he not undertake the task himself! He evinces his fitness for the office by the estiImate which he has made of it. And he would execute it, I have no doubt,excellently. I should rejoice to hear it was in such hands, and would forward its circulation by every means in my power."
By a note in the MSS. of Browne Willis, Esq. LL.D. in the Bodleian Library, appears that he had inserted in his copy of Weever's Funeral Monuments, a particular description of arms and monuments remaining, in 1758, in Ludgershall church, Bucks. Any gentleman who may be in possession of the volume, or can point out where it may be found, will confer a great favour upon the compiler of the History of Buckinghamshire (now in the press, and the first portion of which will be speedily ready for delivery), by affording the opportunity of a reference to it.
The correspondent who favoured us with a view of Rousseau's house at Geneva, is informed that it has been depicted more than once; it is described in vol. xci. i. 145.
To R. S. W,. and W. B., and to our correspondents in general, we beg to say, that though we feel grateful to any correspondent who favours our Obituary with information illustrating personal, or even genealogical history, we cannot admit lengthened characters of persons who, though among the wost estimable, and in their sphere most useful members of society, yet have moved in a contracted circle, unknown to the world beyond it. No, to "Ebor."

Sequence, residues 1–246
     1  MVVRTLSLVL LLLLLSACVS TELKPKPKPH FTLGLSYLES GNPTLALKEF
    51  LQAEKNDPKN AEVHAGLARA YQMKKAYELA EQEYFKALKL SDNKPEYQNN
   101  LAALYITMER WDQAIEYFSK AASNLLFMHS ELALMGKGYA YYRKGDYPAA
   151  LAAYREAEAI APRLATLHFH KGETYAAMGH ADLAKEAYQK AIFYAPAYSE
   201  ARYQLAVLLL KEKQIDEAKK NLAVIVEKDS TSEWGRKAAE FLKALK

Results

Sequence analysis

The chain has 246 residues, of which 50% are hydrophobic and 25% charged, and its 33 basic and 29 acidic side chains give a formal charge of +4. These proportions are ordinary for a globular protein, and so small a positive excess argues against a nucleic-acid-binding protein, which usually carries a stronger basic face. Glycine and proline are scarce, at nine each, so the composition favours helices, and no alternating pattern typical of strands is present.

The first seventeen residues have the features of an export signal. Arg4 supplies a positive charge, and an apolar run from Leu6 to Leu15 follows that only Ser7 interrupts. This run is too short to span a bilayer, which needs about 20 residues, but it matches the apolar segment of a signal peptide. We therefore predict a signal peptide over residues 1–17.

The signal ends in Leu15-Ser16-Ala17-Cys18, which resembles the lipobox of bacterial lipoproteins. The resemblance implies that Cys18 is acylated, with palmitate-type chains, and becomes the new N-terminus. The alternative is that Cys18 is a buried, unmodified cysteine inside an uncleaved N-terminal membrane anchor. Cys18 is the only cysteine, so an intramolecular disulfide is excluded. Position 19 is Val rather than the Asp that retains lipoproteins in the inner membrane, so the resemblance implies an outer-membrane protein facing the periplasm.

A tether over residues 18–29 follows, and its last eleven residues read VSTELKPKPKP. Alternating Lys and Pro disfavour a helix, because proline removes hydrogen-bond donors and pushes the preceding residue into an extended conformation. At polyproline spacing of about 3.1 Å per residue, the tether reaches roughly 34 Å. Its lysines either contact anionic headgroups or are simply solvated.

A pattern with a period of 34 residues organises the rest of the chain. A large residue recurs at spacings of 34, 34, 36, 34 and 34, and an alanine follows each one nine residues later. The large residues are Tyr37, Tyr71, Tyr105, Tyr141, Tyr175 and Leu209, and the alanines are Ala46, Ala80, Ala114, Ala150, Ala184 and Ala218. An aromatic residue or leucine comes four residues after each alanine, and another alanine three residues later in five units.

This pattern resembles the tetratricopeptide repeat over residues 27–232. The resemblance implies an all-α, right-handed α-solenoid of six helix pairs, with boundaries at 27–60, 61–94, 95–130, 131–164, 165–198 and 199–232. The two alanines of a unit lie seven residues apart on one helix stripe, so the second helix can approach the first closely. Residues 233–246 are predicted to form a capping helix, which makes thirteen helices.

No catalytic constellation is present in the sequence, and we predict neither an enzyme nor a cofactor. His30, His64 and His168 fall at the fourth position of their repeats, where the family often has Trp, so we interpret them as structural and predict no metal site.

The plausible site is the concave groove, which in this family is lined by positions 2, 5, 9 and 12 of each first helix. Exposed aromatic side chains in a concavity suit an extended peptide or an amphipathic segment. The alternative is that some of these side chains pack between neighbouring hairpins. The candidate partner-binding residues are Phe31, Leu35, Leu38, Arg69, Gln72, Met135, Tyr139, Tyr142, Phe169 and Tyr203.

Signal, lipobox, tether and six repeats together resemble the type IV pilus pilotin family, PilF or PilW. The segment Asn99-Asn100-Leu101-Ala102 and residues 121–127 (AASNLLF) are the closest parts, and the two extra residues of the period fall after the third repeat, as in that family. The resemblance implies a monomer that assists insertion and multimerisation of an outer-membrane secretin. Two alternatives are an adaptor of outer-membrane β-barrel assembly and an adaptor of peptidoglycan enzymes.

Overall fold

I HAVE read with regret in No. XI. of the Quarterly Journal of Agriculture, which has rather an extensive circulation, two articles on the subject of TITHES. The first purporting to be "On the History of Tithes;" and the second, "On the Commutation of Tithes," headed by the title of the Bill introduced by his Grace the Archbishop of Canterbury; both of which are filled with misrepresentations, disingenuous arguments, and groundless conclusions, and are calcu lated to excite a feeling of hostility in the breast of laymen against the Established Clergy. You would oblige one who is perfectly disinterested, by inserting this Letter, containing an impartial epitome of the History of Tithes, &c.
Allow me, in the first place, to bring forward a few proofs, from the fore-named articles, of the truth of my assertions. The former writer acknowledges, that charters are extant, by which different proprietors granted Tithes, &c. to the Clergy; that canons relating to Tithes are found in the records long before any regular statute was enacted. His words are, “In England as well as abroad, canonical regulations on this subject existed before any regular statutes, a circumstance which is of itself sufficient to explain the fact, that even the earliest of these statutes speak of Tithes, not as a new exaction, to which the people were strangers, but as one with which they were previously well acquainted." He is also compelled by Ethelwolf's statute, which he presents, as he says, in full length in a note (but he takes one part from Ingulph, and the other from Matthew of Westminster,) to acknowledge that it "confers on the clergy a
full and unalienable gift of Tithes of all England, to be held by them in their own right for ever;" and that the right of Tithes is amply provided for, at and after the Conquest.